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PREVIEW : Role as Poet Helps Actress Put Life in Focus

Since her death in 1886, poet Emily Dickinson has remained an enigma. She has been described as the first American modernist, a poet of the Civil War, a 19th-Century female poet, a Romantic poet and the “last flower of American Puritanism.”

In William Luce’s play “The Belle of Amherst,” actress Natalie Ross (of “All My Children” fame) presents an in-depth character study of this great American poet. At the same time, the show explores Dickinson’s poems, often introducing audiences to much of her work for the first time.

“The play gives you a flesh-and-blood sense of the woman,” said Ross, who has been performing this one-woman show for the past 10 years at colleges, schools, senior citizen centers and other places throughout the country. Dickinson “was a funny, gutsy, lively person, even though she was a recluse. She was not a boring spinster,” Ross said.

Ross’ California debut in the Dickinson role takes place at 8 p.m. Monday at California Lutheran University in Thousand Oaks.

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Dickinson was born in 1830 in Amherst, Mass. Not only did she grow up in this small New England town, but she also spent the greater part of her life there, where she wrote 1,775 poems.

“She really wrote all kinds of poetry,” Ross said. “Some poems are full of hope and so expansive. Others make you gasp because they are so despairing.”

In “The Belle of Amherst,” Ross is dressed in wig and period costume, reminiscing about specific incidents in Dickinson’s life. In other moments, Ross creates various characters and converses with them or talks directly to the audience. “Through the magic of acting, people have the opportunity to experience her intellect, wit and tremendous focus,” Ross said.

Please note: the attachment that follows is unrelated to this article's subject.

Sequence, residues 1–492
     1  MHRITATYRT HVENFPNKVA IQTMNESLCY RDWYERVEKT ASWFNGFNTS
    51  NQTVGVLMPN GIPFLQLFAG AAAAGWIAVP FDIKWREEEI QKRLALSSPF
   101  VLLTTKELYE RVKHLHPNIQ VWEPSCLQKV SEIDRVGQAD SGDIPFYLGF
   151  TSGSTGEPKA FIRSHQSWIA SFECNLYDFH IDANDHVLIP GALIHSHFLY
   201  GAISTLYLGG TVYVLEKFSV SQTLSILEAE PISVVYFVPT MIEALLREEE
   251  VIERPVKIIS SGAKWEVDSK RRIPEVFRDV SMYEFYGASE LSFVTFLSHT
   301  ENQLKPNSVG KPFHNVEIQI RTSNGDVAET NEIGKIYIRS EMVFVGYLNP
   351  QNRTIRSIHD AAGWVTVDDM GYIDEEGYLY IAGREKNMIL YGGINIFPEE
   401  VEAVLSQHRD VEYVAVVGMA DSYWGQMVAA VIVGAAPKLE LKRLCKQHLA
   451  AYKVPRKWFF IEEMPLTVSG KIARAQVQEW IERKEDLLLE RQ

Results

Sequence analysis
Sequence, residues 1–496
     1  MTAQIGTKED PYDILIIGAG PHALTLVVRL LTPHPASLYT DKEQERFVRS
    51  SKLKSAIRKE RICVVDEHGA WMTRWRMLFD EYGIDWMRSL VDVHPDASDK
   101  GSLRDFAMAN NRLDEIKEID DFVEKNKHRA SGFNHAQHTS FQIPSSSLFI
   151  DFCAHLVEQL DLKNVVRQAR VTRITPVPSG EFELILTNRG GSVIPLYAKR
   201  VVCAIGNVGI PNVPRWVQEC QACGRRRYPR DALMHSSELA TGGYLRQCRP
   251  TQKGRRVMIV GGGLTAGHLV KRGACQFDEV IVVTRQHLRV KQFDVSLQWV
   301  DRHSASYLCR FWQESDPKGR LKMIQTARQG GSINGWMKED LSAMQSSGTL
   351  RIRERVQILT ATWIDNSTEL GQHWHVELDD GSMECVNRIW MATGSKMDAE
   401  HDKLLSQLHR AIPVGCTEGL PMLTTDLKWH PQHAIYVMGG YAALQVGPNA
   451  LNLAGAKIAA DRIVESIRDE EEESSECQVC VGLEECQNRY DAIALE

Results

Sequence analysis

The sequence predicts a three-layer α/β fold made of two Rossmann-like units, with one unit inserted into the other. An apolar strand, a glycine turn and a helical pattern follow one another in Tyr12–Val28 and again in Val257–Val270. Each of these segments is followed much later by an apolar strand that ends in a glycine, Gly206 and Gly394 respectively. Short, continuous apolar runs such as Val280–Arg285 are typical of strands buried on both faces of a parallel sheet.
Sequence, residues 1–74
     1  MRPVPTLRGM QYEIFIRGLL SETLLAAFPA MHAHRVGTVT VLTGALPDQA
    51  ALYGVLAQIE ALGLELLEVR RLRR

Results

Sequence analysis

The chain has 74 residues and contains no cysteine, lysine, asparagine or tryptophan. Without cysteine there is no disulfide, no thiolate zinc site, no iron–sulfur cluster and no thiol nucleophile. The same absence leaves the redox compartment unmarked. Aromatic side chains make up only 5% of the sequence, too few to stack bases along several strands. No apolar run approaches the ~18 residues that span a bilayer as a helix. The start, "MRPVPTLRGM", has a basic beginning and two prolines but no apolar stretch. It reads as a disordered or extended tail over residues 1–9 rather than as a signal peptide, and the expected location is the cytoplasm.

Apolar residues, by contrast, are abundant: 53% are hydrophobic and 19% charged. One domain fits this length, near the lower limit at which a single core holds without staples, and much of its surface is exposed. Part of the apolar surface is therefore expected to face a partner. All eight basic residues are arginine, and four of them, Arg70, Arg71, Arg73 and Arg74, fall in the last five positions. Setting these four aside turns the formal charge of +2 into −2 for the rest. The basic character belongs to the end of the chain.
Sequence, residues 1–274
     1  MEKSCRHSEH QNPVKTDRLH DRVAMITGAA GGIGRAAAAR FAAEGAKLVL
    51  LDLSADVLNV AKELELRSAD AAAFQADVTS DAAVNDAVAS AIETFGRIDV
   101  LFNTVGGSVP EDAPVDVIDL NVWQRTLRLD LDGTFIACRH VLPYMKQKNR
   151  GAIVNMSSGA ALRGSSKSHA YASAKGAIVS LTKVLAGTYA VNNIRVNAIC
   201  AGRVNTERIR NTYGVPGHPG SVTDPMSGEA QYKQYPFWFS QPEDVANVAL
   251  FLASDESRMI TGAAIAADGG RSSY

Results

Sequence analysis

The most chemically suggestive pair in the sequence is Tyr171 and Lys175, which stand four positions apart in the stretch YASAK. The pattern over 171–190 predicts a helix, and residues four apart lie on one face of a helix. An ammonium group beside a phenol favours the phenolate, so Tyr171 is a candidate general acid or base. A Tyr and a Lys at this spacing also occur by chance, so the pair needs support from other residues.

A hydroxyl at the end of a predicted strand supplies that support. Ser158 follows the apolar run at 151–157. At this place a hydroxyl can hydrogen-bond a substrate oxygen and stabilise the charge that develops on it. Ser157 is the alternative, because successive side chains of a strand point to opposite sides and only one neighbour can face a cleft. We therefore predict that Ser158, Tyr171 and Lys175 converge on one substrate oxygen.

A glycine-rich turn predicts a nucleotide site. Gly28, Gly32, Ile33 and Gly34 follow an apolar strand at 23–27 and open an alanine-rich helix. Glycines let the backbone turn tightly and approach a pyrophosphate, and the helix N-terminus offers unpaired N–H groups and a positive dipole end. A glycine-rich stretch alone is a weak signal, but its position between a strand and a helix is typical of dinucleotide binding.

Originally from Pasadena, Ross attended Muir Junior College before studying acting with Eleanor Dopp at the Pasadena Academy of Drama. During the 1950s, she performed in several small, local theaters. In 1961, she was cast in the original Broadway production of “Come Blow Your Horn.” Soon after, Ross met her husband of 26 years and decided to take a 12-year hiatus from the theater to raise her three children. Since 1980, Ross has portrayed the scheming, manipulative and selfish Enid Nelson on the daytime drama “All My Children.”

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While researching the poet’s life, Ross said she gained much insight into her own roots, since her grandfather also came from New England. “My family was like the Dickinson family in the sense that you must not show things about yourself or express your feelings,” she said. “It helped me understand myself.”

Dickinson’s conviction to her work also instilled Ross with encouragement to continue pursuing her acting career. “She cleared everything else out of her life and focused on her work. She wrote from her heart and not everyone could accept that,” Ross said. “What she was saying is that you have to follow your own drummer. You have to do what you think is right for you.”

California Lutheran University is at 60 W. Olsen Road, Thousand Oaks. Admission to “The Belle of Amherst” is $5. For information, call (805) 492-2411.


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